Within a very short time the vandals got busy and smashed many, if not all, of the windows. Of course the glass had to be cleaned up and replaced. This was done, and to protect from future damage the cages were made and fitted on to the building. The Drill has similar cages on many of their windows.

I have no idea how much the cages cost but a similar protective steel frame was fixed to the front doors at a cost of $675. The cages would have cost ten times that sum; this was not a good start for the new new role.

External Lighting


This light stands beside the bike track on the edge of the Precinct. In about 2009 it was smashed by vandals, how they did it is a mystery, but I picked up the pieces one morning on my usual bike ride. The bike is one metre high making the light is six meters high.

We were slow learners and we thought that extenal lighting would deter the vandals. How wrong we were. There were three flourescent tubes in wire cages on the front veranda of the old school. They lasted a couple of weeks and the electrician had to come and seal off the wires.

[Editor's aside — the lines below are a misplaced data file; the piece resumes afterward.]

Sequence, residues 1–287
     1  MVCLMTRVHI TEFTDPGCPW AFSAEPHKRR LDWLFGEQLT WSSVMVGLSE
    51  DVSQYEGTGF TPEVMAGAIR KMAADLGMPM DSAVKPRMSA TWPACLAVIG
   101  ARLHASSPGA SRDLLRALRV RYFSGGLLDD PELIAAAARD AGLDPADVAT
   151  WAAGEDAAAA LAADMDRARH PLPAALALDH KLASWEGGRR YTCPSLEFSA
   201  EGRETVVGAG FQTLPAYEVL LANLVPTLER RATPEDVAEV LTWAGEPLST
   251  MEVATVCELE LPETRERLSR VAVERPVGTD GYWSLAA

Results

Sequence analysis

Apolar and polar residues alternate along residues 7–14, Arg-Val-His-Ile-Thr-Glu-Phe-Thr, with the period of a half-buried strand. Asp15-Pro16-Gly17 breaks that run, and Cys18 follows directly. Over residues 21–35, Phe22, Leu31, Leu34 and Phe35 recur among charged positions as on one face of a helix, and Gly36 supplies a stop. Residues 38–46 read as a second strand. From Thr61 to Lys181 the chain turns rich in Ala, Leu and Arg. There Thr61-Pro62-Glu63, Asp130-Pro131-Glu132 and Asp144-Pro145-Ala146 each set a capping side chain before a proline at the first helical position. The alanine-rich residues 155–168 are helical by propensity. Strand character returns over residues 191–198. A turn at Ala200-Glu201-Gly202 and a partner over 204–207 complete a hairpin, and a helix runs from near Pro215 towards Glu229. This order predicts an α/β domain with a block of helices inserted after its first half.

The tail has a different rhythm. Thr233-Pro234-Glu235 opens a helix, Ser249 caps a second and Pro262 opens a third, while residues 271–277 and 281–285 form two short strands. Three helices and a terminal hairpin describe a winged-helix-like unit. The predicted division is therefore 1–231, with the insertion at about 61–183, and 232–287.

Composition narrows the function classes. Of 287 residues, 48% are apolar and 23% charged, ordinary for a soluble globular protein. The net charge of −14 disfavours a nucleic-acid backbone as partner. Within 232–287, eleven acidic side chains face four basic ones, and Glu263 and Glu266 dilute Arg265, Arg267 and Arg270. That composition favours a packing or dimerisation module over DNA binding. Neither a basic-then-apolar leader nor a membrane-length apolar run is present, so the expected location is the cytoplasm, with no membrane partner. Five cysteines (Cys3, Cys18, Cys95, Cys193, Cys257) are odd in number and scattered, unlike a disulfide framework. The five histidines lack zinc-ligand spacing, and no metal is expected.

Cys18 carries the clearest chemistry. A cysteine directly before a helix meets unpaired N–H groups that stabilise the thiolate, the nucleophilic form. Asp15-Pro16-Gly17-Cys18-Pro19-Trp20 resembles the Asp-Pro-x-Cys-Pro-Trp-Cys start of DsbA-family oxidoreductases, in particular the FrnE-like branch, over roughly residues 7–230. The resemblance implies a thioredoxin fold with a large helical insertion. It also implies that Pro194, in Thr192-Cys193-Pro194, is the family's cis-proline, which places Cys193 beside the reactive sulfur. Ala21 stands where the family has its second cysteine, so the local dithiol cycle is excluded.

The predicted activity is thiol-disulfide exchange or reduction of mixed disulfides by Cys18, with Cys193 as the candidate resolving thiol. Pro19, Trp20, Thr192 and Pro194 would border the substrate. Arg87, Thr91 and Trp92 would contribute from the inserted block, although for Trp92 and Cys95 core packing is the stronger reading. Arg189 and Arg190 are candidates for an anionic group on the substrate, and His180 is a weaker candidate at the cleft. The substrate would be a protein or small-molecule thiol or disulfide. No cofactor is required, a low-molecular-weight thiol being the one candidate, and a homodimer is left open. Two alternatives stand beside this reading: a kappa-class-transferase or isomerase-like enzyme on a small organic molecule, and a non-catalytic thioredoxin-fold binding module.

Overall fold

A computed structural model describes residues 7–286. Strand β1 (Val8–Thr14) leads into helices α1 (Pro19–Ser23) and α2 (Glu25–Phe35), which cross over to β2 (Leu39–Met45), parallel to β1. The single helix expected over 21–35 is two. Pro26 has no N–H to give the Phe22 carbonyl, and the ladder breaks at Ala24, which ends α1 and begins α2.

We put lights in strong boxes on the back corners of the school to shine along the sides and across the back. They were smashed and the electrician had to come and clean up the mess.

The Drill Hall put a flood light on their corner to shine into the quadrangle, it was six metres up, it lasted longer than our lower lights, but eventually the vandals smashed it. An alarm was placed on another corner of the Drill Hall and it lasted barely 48 hours.

Air Conditioning Units


This Aircon unit is near the bike track and was not molested for a long time. Evenutally some vandal managed to wrench the pipes on the right side, they were outside the cage.

In 2003 we installed two Aircon units, one on the South side near the bike track and one on the North side which is hidden from the bike track. Within a couple of weeks the one on the north side was vandalised and put out of commission. It cost us $573 to have it fixed and to avoid any more damage we paid a further $470 to put steel cages on each unit.